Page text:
I’m settling into my new home, which is much bigger than my old place! I went from a studio apartment to a duplex that has a studio where I can write in peace. That’s pretty great and all, but I haven’t done much writing due to home remodeling and reorganization. But I have been doing my fair share of reading and just this week hit my reading goal for 2019!
In my previous post, I wrote that I would be sharing a new book review by the end of June. This did not come to fruition, but not because I didn’t finish the book or because I didn’t have the time. It was because the book was very, very bad, and I learned that the author wasn’t better.
In a year where I just hit 100 books on my Finished list, I’ve read plenty of titles that either weren’t my taste or were difficult to finish for various reasons. I don’t like calling a book bad when there is a more accurate and honest way to describe it. For example, “It’s not my style,” or “I’m not the author’s target audience,” or “I’m just in the mood for something different at this time,” etc. tend to be the closest to the truth.
I consider a book bad if it is written carelessly. By careless, I don’t mean too strange or too childish or anything like that. I consider a book to be carelessly written if it is:
- Poorly organized (For example, when a short story collection lacks any cohesion)
- Poorly edited/proofread or not edited/proofread at all
- Poorly designed (Book layout is difficult! But it is not difficult to make an e-book readable, even if it may not look pretty.)
- Poorly completed to the point that it is clearly evident that the writer did not seek any feedback from anybody, at all
The short story collection that I was going to review was, at least, cohesive in two senses: (1) all of the stories shared a common socio-cultural theme, and (2) they were all terrible. In past anthologies and collections that I’ve reviewed, there have been a fair share of dull or flat out not good stories. But in each of these books, there were still amazing gems, even if there was just one. These special stories are why I never regret reading what may ultimately be a mediocre collection. But the stories in this particular collection were so exposition-heavy that the author could’ve turned each into (boring) novels, were littered with typos that were clearly not a style choice (made even less forgivable by this being published through a small press, not via self-publishing), and were rife with problematic at worst, awkward at best attempts at covering social issues that made these dense stories extremely heavy-handed.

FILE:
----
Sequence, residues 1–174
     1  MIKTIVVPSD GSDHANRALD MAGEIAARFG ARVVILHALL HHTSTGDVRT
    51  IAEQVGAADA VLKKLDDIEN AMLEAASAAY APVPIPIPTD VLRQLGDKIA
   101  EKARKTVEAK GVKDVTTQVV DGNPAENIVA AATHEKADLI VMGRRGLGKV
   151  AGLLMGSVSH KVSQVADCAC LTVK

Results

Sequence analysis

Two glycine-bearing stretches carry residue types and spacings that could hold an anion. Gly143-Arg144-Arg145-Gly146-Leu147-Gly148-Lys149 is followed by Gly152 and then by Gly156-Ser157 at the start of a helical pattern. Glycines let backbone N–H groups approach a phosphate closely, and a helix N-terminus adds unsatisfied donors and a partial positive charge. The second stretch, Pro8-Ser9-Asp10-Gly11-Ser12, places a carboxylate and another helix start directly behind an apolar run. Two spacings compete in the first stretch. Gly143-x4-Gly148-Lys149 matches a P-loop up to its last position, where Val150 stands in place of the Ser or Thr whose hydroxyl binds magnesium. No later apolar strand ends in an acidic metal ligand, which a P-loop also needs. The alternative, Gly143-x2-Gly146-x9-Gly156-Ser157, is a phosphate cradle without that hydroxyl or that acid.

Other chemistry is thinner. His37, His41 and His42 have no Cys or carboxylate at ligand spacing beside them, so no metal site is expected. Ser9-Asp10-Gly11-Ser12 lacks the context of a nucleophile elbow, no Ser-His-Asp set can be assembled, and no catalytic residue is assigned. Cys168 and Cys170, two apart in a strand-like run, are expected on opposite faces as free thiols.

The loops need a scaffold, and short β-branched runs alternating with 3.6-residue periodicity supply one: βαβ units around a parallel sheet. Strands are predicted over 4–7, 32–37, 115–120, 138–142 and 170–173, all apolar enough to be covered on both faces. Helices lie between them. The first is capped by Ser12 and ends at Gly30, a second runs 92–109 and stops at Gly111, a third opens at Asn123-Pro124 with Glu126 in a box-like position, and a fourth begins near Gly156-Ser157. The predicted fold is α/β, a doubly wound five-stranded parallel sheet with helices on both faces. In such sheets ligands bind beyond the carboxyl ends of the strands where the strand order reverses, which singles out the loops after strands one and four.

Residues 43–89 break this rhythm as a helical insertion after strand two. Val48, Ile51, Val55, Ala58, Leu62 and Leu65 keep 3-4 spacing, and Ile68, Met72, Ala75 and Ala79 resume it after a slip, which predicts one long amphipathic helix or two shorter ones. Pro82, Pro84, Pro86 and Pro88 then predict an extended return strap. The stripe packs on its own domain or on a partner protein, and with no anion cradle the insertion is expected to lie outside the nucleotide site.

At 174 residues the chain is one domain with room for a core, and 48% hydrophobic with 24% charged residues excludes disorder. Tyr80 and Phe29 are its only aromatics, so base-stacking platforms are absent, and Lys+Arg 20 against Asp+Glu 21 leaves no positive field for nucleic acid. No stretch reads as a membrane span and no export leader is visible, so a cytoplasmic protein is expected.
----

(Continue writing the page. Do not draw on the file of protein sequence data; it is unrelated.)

Simply put, it was a bad book and I hated it.
But I was now stuck with a decision: I’d never received a truly bad, completely terrible book to review before. This book was received via LibraryThing’s Early Reviewers program, which made me excited to get it. This left me feeling annoyed with LibraryThing, and feeling sad for the author. I felt like a asshole to write them a bad (but honest) review, and I also know how desperately authors rely on reviews for exposure.
Out of curiosity, I looked up the author’s Goodreads page. It linked to their blog, which contained harmful conspiracy theories and a ton of rambling posts that, while it was difficult to determine a point to any of them, included plenty of creepy shit. So, uh, yeah. No review.
I’m incredibly disappointed that LibraryThing included this book in their Early Reviewer program, but I’ve learned my lesson: before wasting my time reading or even bidding on a Early Reviewers book, I’ll do my research.
Anyway, to make up for it, I plan to make a post next week featuring my favorite books so far this year! I promise, none of them will be bad books. 🙂
- Current drink: Dale’s Pale Ale
- Current book: I Hear the Sunspot: Theory of Happiness by Yuki Fumino
- Current e-book: none
- Current music: Panama Wedding – “Infinite High” (Bee’s Knees Remix)